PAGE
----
thecriscoking

Frequencies

16 posts in this topic

I was wondering if its possible to pick up frequency signals (ex. TV remote, garage door opener) through your laptop or some additional hardware for the laptop?

A friend of mine told me there were robbers who would playback the frequencies emitted from a victim's garage door opener to break into house/garage. I wanted to know if any of this is even possible (the picking up and emitting of frequencies).

0

Share this post


Link to post
Share on other sites

I think your friend has been watching "Gone in 60 seconds" a few too many times.

But it's not impossible...

What you need for it is a Frequency Counter which scans a range of frequencies then locks into the strongest signal (the unit is heavily attenuated) via the capture effect. That will give you a base frequency.

Then, I would imagine you could capture it a couple ways... analog or digitially.

Analog way would be passing enough of the IF to a recording device that captures the signals that it makes. But not all signals are static...

Digital way would be figuring out the modulation method, capturing the raw bits of true data from background noise then reproducing it/modifying it.

I've heard of people modifying various remotes for different models of garage door openers with a flipflop IC hooked to a BCD counter which goes through all the bits combinations possible for that series of remote (and hopefully opener) till it finds the right one.

0

Share this post


Link to post
Share on other sites

You can do things like that. Check this out. It requires a "Universal Software Radio Peripheral" or USRP which is about $700 though.

0

Share this post


Link to post
Share on other sites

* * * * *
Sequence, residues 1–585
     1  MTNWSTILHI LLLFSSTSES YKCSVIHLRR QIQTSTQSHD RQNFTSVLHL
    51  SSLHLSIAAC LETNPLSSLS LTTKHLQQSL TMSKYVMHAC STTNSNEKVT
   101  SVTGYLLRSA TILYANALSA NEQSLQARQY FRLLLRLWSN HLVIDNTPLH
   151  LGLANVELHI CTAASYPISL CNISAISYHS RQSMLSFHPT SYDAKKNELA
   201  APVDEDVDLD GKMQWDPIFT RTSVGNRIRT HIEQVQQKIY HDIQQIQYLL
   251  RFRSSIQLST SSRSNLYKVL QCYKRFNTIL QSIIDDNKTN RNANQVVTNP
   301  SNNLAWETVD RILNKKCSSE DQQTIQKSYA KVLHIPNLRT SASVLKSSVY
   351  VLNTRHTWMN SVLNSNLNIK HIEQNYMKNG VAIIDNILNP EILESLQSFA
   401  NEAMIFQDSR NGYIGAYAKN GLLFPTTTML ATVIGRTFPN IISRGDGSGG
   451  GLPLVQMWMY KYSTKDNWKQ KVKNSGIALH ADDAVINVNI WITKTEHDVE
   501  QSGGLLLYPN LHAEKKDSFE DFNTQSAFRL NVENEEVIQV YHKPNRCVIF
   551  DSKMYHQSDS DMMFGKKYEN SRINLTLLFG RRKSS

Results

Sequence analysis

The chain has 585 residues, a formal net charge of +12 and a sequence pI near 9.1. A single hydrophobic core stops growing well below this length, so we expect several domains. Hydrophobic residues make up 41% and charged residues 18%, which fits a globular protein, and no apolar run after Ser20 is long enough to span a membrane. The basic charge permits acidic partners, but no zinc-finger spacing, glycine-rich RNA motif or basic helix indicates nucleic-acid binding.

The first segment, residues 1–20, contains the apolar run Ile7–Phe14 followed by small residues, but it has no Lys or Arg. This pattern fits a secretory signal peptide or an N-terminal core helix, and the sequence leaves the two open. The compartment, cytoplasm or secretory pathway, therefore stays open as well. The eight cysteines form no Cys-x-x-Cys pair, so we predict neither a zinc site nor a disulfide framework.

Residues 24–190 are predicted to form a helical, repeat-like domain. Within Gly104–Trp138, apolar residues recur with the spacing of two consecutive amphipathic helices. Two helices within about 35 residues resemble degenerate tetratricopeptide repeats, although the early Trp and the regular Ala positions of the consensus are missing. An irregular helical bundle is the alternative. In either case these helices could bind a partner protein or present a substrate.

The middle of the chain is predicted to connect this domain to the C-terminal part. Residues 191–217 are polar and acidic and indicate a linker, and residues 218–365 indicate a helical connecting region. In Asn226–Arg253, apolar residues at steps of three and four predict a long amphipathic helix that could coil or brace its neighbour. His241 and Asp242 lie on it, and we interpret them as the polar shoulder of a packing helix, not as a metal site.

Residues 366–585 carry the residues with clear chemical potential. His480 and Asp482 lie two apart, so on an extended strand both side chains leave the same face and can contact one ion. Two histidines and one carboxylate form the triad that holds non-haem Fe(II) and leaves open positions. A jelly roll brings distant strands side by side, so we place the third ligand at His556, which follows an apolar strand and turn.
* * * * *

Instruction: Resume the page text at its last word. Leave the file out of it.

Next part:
I was wondering if its possible to pick up frequency signals (ex. TV remote, garage door opener) through your laptop or some additional hardware for the laptop?

You can use a scanner (or some form of radio) feeding into the sound card of a PC/Laptop. This obviously is RX only, but using application like 'Multimon' you can recieve and decode pagers/packet radio/APRS/etc. If you have TX capability there is no reason why you couldn't do a replay attack.

My wife's car has an in-built door opener, you can put it into learning mode to clone a third party garage door opener. I guess that this is no-different.

I assume there there has not been a concern about security on this before, so most likely the codes would be pretty easy to clone. Unless of course they use a rolling key, in the same way that car door remotes work.

Mungewell.

0

Share this post


Link to post
Share on other sites

A quick bit of googling and here's some more information.

1). there is a 'security+' scheme which implements a rolling key, used on modern systems.

2). remotes appear to work on 390MHz band.

3). All in one chips are available, see http://www.maxim-ic.com/quick_view2.cfm/qv_pk/5549/t/al

4). US embassies are acting to prevent the criminals intent by blocking the 390MHz band, see http://www.cbc.ca/canada/ottawa/story/2005...en20051104.html

Munge

0

Share this post


Link to post
Share on other sites

I'm almost certain I could get my hands on a scanner. But how would I go about feeding it into my sound card and enabling it to have TX abilities?

0

Share this post


Link to post
Share on other sites
But how would I go about feeding it into my sound card and enabling it to have TX abilities?

For the RX side of things, just connecting audio jacks together should be OK. You may need to play with volume/record level to get something working. For TX you would need a transmitter (as scanner does not transmit) running at the appropriate frequency. I would presume that these remotes operate within a license free band (ie Part 15)

Obviously breaking into people's houses/garages is illegal.... I can't really encourage you to actually construct something which _could_ be used as a 'break & enter' tool.

Mungewell.

0

Share this post


Link to post
Share on other sites
You can do things like that. Check this out. It requires a "Universal Software Radio Peripheral" or USRP which is about $700 though.

That's just leet. Expensive, but you could have way more control over frequencies than you could with hardware.

I wonder if there's multiple frequency jamming potential here.

0

Share this post


Link to post
Share on other sites

what would be considered a scanner / transmitter? Like a regular trucker CB or something?

0

Share this post


Link to post
Share on other sites
What you need for it is a Frequency Counter which scans a range of frequencies then locks into the strongest signal (the unit is heavily attenuated) via the capture effect. That will give you a base frequency.

Spectrum analyzer, not a frequency counter.

0

Share this post


Link to post
Share on other sites